The Arctic is warming two or three times faster than the rest of the planet. This amplified warming is due to several factors, but the relative importance of each one remains still unclear. “We do know, however, that clouds could play an important role,” says Julia Schmale, an EPFL professor who heads the Extreme Environments Research Laboratory and holds the Ingvar Kamprad Chair. “By reflecting the sun’s rays back into space or trapping heat close to the Earth’s surface like a blanket, clouds help either cool off or warm up the planet.”

Schmale — along with scientists from the Paul Scherrer Institute’s Laboratory of Atmospheric Chemistry and Stockholm University’s Department of Environmental Science and Bolin Centre for Climate Research — spent several weeks collecting data near the North pole in August and September 2018, as part of the US-Swedish expedition Arctic Ocean 2018 on board the Swedish icebreaker Oden. The

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Iodic acid influences cloud formation at the North Pole

arctic
Credit: Pixabay/CC0 Public Domain

The Arctic is warming two or three times faster than the rest of the planet. This amplified warming is due to several factors, but the relative importance of each one remains still unclear. “We do know, however, that clouds could play an important role,” says Julia Schmale, an EPFL professor who heads the Extreme Environments Research Laboratory and holds the Ingvar Kamprad Chair. “By reflecting the sun’s rays back into space or trapping heat close to the Earth’s surface like a blanket, clouds help either cool off or warm up the planet.”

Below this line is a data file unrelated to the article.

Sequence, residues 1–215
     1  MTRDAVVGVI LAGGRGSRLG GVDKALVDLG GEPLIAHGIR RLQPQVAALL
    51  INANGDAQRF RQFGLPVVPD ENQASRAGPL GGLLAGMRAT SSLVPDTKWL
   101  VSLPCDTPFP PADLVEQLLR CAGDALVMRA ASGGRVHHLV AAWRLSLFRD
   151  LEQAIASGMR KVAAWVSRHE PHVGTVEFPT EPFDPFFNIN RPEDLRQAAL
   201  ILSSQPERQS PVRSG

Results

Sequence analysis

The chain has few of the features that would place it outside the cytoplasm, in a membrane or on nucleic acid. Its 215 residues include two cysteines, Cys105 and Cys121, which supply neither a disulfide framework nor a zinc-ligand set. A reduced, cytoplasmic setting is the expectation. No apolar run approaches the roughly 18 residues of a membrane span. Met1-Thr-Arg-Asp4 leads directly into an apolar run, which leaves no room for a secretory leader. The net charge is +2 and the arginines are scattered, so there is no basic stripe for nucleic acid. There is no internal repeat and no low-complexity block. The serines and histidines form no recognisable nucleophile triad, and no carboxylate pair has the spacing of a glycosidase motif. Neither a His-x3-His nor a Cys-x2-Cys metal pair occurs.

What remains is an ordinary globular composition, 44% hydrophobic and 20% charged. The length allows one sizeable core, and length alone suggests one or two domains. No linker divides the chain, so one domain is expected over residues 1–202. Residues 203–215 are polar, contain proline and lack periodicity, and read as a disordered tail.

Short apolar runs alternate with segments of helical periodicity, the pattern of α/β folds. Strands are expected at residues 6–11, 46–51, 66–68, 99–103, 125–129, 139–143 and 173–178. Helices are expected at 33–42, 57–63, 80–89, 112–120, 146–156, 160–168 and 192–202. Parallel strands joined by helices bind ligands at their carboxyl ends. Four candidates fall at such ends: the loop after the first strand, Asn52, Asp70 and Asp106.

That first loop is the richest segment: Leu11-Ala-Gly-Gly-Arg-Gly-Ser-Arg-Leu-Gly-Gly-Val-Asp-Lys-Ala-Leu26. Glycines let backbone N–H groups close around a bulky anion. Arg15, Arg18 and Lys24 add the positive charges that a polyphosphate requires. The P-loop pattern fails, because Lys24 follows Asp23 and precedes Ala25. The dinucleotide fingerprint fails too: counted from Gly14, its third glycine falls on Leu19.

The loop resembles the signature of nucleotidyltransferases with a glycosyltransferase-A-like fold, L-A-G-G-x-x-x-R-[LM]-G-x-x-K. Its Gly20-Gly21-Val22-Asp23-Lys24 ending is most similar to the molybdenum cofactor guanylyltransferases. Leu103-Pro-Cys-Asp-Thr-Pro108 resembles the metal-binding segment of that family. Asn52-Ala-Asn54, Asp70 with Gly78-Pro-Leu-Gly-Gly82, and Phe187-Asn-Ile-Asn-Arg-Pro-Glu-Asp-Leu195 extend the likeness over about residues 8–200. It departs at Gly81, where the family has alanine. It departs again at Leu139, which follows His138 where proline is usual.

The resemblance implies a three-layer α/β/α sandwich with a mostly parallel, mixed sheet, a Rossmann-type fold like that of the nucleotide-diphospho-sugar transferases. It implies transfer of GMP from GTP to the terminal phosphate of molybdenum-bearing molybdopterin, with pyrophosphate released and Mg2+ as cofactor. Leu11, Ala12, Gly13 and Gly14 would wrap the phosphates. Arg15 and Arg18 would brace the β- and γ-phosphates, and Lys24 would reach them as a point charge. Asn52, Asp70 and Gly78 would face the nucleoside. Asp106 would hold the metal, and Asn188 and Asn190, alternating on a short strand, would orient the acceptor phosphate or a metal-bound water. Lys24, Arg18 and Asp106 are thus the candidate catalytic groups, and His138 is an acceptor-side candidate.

Schmale—along with scientists from the Paul Scherrer Institute’s Laboratory of Atmospheric Chemistry and Stockholm University’s Department of Environmental Science and Bolin Center for Climate Research—spent several weeks collecting data near the North pole in August and September 2018, as part of the US-Swedish expedition Arctic Ocean 2018 on board the Swedish icebreaker Oden. The

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MDC Partners Announces Formation of Global Technology Group

NEW YORK, Sept. 28, 2020 /CNW/ — MDC Partners Inc. today announced the formation of a new division within the Company, the Global Technology Group, to introduce a bold new vision for technology infrastructure designed to unleash collaboration at global scale. The Group taps a roster of seasoned intra-network technology leaders who, under the direction of John Georgatos, Global Chief Information Officer, will drive global strategy across the network in areas including security, systems design, and cloud architecture.

The Global Technology Group is the latest in a series of actions MDC Partners has taken to transform the company into the most modern global marketing partner to clients, equipping the company with the state-of-the-art IT infrastructure needed to deliver custom-built solutions that are global in scale, digital in nature, and reliant on agile, borderless collaboration.

“MDC’s global network transformation has innovation at its core,” said Mark Penn, Chairman